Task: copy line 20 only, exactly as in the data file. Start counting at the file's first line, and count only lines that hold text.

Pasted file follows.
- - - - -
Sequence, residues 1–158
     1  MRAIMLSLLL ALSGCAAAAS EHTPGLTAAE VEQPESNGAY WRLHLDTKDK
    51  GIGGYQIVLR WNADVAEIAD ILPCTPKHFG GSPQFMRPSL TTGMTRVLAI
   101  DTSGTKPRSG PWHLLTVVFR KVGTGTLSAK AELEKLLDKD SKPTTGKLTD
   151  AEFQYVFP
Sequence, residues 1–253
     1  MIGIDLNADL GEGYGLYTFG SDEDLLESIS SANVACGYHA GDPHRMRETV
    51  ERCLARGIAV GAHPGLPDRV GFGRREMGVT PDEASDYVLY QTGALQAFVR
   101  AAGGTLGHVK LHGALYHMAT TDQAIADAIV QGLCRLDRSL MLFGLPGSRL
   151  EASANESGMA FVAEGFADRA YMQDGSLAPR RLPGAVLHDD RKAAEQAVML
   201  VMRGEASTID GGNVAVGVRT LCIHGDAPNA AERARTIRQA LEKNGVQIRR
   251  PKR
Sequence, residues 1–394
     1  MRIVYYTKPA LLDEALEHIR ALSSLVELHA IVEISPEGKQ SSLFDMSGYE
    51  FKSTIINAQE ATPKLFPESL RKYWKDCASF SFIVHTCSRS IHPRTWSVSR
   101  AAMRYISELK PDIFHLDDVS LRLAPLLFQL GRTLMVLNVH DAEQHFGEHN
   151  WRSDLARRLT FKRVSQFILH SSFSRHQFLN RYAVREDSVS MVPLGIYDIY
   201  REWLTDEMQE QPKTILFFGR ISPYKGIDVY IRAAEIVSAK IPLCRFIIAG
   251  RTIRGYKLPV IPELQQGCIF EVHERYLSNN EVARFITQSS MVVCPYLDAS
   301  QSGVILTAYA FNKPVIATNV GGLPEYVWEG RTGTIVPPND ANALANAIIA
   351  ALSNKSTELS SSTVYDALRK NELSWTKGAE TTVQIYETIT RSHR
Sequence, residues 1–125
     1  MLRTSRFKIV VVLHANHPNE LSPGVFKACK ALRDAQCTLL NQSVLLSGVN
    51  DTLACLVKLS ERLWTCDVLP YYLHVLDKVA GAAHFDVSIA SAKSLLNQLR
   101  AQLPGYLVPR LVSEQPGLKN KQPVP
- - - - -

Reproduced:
   301  QSGVILTAYA FNKPVIATNV GGLPEYVWEG RTGTIVPPND ANALANAIIA